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While you can find the alien playing the music, if you wish, the thing with the Signalscope is that by its very nature, you don’t need to be next to the musician to hear the tunes. No matter where you find yourself, point it at the right thing, and you’ll be able to hear something resembling home. That was of particular comfort when I found myself stranded. I’d travelled 23 thousand miles to a planet called Giant’s Deep. Though a bit like my own home of England (and by that I mean raining all the time,) it’s nothing like Timber Hearth. To be clear, this place is out to get you. Multiple hurricanes zip around the planet, space debris tumbles onto the planet at very little warning, a thunder storm rages, and you can’t hear a damn thing because of it. It feels a bit like Earth, but if we don’t stop climate change, y’know? Your only companion on this hostile planet is a friendly explorer, Gabbro, who, other than offering the bass of Outer Wilds’ space orchestra, offers you hints, a place at his camp and a brief respite. That is until the weather causes water to rise, and flood his camp and you’re fighting for your life instead. Definitely comparable to climate change.

I’d parked my ship on a beach not too far away and was filling Gabbro in on what I’d discovered in my travels when I was suddenly alerted with “Hull Breach Detected”, and I knew, armed with knowledge of why the Titanic sunk, that this was bad. I scrambled across the land to see the damage as fast as I could. My ship was no longer a whole, but instead three large, but definitely separate, pieces. I was doomed. Unable to repair my ride home, I accepted my fate. I solemnly slunk my way back to Gabbro, knowing full well that soon a hurricane would hit our solitary island, or the nearby star would supernova, and I would be defenceless. No escape. So, I did what any good movie hero does, accepted my fate, and stared down the barrel of death. I stood next to Gabbro, pointed the Signalscope at his instrument and the banjo of another distant planet, had a marshmallow and listened to the music of my people, just to have one last sense of home. Of course, I knew really that I would just respawn and try to discover the secrets of the solar system in another life, but for a moment, I did feel truly helpless, and longed for the simplicity of Timber Hearth.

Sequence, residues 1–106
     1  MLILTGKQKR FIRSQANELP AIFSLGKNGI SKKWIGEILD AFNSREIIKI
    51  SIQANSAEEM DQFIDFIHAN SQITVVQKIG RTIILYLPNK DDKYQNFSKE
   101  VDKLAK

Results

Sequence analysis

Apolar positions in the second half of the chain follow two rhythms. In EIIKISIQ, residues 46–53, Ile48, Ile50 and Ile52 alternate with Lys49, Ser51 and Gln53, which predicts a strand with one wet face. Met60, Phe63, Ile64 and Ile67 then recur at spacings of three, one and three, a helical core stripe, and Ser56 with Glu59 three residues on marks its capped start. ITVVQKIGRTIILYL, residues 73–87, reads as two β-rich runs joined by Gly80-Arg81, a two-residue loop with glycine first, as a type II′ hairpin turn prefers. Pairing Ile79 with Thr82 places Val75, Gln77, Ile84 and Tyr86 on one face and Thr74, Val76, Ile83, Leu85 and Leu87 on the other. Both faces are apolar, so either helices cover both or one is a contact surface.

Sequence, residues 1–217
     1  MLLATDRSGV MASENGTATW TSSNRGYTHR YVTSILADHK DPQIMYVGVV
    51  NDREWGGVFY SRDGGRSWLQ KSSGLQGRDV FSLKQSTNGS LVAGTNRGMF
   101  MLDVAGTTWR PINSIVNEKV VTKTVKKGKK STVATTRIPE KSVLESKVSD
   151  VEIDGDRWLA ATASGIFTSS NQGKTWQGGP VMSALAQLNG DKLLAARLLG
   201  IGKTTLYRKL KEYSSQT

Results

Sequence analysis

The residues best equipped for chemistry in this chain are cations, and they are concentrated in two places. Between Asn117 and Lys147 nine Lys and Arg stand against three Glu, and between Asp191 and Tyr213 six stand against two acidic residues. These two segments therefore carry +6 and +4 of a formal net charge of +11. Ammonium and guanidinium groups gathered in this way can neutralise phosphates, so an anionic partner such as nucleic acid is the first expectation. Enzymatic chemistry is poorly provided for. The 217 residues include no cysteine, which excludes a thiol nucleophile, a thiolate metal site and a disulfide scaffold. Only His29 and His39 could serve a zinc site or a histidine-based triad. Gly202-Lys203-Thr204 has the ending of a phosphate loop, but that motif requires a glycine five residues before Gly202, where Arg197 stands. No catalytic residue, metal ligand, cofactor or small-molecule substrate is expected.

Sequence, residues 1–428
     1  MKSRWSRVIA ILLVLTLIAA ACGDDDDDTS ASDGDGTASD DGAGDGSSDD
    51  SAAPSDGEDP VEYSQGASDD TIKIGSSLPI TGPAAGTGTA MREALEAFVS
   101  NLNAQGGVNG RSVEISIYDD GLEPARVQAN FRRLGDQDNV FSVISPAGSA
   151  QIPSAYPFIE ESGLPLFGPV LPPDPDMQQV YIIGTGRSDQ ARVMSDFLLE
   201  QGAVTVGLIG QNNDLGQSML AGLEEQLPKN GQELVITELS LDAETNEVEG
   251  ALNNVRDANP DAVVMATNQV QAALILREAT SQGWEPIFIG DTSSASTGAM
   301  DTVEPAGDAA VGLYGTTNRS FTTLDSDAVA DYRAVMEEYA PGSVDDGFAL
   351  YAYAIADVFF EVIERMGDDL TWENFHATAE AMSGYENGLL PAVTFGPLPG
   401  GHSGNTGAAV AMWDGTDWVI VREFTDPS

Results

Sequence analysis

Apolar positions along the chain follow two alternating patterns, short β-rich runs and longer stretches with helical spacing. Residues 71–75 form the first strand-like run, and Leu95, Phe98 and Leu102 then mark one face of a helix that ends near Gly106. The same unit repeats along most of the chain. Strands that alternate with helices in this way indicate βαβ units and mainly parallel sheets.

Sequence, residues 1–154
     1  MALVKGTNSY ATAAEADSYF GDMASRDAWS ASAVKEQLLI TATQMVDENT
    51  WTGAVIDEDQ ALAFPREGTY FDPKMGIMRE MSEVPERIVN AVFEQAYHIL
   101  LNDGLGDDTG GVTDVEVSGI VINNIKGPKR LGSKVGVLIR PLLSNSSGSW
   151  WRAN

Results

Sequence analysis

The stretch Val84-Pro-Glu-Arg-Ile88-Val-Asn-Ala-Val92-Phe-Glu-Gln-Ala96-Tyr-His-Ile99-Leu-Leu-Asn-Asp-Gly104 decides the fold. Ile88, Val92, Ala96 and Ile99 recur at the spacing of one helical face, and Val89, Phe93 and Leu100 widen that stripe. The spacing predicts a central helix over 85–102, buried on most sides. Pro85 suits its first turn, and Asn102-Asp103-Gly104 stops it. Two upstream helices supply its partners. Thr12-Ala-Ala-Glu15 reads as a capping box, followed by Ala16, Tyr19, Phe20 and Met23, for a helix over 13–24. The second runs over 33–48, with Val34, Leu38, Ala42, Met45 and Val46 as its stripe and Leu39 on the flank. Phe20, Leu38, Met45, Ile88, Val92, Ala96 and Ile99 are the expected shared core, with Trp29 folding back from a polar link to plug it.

My experience on Giant’s Deep feels a bit like a metaphor for how real life can be. One minute, you’re alright, living your life, when something rather challenging comes across your desk, and you get smacked with a pang of nostalgia for simpler times. A world without bills to pay, with seemingly infinite free-time to be filled with whatever activities you want. A world that’s still seen through a child's eyes, all new and shiny, rather than imperfect, and serious.


I’ve finished University now, I’m graduating in July in fact. And frankly, I feel a bit like I did on Giant’s Deep. Among massive change, though not one that will kill me thankfully, I am sitting, listening to cozy music, staring at a metaphorical campfire (my laptop) and telling stories (writing), while pining for a simpler time. What makes this little story so neat, is that it wasn’t scripted; no omniscient developer wrote this to happen. It was an unlikely yet perfectly timed convergence of many in-game systems that, by chance, managed to create an emotional moment for a young boy lost in space. Never has a game been quite so perfect for the moment in which I was playing it.

Play Outer Wilds. It’s excellent.